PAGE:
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You might have heard there’s a hulking great ship full of oil floating off the Taranaki Coast, stoking fears that winter storms will turn it into an oil spill hazard. A ship called the FPSO Umuroa (FPSO = floating production, storage and offloading vessel) is reportedly carrying 40,000 barrels of oil and sitting idle less than 50km off the coast of Taranaki.
The South Taranaki Bight is of great importance to local iwi and hapū and famous for its genetically distinct population of pygmy blue whales. As well as being home to critically endangered Māui dolphins, blue penguins and an important fishing area, this part of the country is New Zealand’s only known blue whale foraging ground.
Alongside Ngāti Ruanui and Kiwis Against Seabed Mining, Greenpeace has been in court defending the Bight from seabed mining. Together we won the seabed mining case in the Court of Appeal. But it’s at risk again.
So what’s going on here? Who owns the Umuroa? And, if it’s an oil spill risk, how has this been allowed to happen?
This oily liability is the unfortunate outcome of what some would call “favourable operating conditions” for the oil industry in New Zealand. Or what most of us would prefer to call “pretty lax regulations.”
The Tui oilfield, which FPSO Umuroa is currently tethered above, has turned into a right hot mess. And it can be traced back to a Malaysia-based company called Tamarind Resources.
In 2017, Tamarind bought the aging oil field off another company, with the aim of squeezing out a few final drops of oil (aka decayed dinosaur juice) from the Taranaki seabed – oil that would end up further fuelling climate change.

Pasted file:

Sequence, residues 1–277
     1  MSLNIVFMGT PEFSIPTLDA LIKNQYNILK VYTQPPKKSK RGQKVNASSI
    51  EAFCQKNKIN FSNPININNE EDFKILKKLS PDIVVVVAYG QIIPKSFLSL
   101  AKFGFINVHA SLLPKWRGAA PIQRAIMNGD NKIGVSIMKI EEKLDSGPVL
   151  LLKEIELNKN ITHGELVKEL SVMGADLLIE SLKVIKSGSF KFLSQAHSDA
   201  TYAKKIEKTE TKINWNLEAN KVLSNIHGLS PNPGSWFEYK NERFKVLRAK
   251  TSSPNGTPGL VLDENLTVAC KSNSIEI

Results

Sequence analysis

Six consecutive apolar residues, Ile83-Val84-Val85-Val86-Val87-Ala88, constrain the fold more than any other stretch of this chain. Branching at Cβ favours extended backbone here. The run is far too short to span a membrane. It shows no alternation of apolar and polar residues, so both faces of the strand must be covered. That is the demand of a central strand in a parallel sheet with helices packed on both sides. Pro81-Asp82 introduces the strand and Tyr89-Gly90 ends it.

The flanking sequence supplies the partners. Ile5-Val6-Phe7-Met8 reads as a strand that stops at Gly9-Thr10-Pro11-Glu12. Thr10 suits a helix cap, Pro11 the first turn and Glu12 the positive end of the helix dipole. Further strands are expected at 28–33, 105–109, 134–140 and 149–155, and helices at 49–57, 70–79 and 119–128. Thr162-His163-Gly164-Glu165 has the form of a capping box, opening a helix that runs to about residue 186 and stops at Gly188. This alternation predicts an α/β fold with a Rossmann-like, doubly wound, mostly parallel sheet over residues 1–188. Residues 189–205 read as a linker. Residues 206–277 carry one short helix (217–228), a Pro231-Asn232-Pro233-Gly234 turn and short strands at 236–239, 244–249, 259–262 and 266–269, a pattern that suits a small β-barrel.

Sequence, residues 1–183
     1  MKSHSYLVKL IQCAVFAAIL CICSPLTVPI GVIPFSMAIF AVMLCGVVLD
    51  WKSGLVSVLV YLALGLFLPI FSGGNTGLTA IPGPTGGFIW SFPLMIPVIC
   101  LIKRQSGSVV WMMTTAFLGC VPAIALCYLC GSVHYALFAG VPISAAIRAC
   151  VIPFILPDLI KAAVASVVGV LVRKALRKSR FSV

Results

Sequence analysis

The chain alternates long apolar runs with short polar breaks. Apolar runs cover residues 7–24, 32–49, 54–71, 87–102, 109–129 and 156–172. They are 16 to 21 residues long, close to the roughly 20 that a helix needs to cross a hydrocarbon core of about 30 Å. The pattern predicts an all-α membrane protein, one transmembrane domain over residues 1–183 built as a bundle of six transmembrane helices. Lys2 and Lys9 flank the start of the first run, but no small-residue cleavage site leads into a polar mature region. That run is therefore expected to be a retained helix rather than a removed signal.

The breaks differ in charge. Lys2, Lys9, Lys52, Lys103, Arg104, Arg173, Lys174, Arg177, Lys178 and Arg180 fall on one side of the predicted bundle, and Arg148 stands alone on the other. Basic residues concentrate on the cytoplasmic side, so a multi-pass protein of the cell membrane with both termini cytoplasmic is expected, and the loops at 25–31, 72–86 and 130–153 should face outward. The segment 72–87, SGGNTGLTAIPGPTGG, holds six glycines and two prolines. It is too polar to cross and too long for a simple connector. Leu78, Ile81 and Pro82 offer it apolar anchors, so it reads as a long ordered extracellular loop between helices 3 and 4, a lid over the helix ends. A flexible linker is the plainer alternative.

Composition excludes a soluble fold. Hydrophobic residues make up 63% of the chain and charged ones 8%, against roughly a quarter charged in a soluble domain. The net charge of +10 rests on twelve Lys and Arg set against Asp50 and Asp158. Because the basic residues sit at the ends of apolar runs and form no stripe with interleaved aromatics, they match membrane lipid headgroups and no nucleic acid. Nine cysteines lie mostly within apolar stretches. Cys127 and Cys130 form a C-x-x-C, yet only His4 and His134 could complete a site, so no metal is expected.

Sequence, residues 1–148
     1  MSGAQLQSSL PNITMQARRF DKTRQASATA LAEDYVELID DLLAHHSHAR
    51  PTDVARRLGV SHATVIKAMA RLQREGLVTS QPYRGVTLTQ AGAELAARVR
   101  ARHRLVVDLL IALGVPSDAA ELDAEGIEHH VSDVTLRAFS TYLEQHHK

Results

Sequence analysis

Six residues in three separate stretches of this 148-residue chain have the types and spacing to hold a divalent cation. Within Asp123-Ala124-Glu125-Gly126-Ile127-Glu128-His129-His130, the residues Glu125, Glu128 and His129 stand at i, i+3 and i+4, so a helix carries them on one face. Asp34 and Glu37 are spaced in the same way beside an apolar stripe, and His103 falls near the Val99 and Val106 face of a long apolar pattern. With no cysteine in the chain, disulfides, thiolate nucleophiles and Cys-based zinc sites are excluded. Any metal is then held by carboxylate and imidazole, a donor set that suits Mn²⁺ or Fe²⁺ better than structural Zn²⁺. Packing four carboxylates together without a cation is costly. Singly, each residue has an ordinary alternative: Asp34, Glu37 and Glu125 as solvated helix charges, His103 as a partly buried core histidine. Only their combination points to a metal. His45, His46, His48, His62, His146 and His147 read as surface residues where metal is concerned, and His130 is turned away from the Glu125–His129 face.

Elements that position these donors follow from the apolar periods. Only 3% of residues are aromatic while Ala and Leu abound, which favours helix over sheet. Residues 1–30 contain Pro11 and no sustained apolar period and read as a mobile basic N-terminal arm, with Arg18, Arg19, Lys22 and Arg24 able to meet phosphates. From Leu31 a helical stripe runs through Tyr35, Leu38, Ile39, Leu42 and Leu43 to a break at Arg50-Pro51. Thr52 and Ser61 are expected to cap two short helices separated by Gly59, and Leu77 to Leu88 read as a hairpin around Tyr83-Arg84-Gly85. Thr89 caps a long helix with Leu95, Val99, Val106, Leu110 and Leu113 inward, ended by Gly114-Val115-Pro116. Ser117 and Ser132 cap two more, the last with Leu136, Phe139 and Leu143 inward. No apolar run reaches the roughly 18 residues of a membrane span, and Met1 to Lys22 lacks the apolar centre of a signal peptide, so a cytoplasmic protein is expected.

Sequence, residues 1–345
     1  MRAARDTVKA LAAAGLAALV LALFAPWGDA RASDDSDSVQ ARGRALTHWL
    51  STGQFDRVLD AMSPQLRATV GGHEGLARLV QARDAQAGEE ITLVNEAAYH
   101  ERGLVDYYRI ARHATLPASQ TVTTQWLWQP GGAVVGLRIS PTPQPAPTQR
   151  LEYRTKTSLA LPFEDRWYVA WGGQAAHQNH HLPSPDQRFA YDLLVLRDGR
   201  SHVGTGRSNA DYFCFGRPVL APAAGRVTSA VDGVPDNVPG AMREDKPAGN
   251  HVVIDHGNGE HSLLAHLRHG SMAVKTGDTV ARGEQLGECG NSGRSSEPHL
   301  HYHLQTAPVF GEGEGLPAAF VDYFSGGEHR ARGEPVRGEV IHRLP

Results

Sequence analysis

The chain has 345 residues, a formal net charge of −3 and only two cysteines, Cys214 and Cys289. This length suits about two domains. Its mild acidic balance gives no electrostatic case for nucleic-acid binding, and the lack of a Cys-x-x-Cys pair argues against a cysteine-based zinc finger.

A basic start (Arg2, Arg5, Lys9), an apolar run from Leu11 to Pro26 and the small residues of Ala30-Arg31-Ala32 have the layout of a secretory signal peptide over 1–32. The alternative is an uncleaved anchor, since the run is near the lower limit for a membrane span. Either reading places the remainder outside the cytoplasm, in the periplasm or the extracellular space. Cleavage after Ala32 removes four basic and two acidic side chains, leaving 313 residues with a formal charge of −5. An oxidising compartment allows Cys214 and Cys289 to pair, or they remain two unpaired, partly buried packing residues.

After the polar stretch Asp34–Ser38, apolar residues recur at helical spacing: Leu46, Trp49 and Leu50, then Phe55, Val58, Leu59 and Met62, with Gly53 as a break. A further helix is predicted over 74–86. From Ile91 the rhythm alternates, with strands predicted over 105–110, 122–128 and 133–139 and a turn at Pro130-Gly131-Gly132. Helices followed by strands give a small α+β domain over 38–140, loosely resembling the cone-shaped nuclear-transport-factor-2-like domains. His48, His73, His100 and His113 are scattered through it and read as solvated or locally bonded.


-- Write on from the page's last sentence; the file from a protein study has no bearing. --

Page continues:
Tamarind commissioned the 34,000 tonne rig, COSL Prospector – infamous for being used by Austrian oil company OMV to drill in the Great South Basin, and risking an oil spill there. The rig sailed halfway round the world under its own steam – from Norway – to get to Taranaki in early 2019. In the company’s own words, “While the previous operator was beginning preparations to decommission the field, Tamarind sought to extend the field life through a three-well development program.”
It was not to be. Rig malfunctions, poor weather conditions and an unsuccessful first well meant Tamarind Taranaki Ltd went bust before they ever got any oil out of the ground.
In the wake of their bankruptcy, they left many local, small businesses and contractors with unpaid invoices. And they left the Government – in other words, you and me, the public, taxpayers – with a big old mess to clean up.
The Tui field needs to be decommissioned. The wells need to be plugged and abandoned for good. Old pipelines and cables need to be removed from the seabed. And the FPSO Umuroa needs to be disconnected from the wells. Its 40,000 barrels of oil need to be taken somewhere they won’t be risking an oil spill. Estimates put the decommissioning cost at over $150 million – a huge sum that now sits squarely with the Crown, because Tamarind is no longer around to pay for it.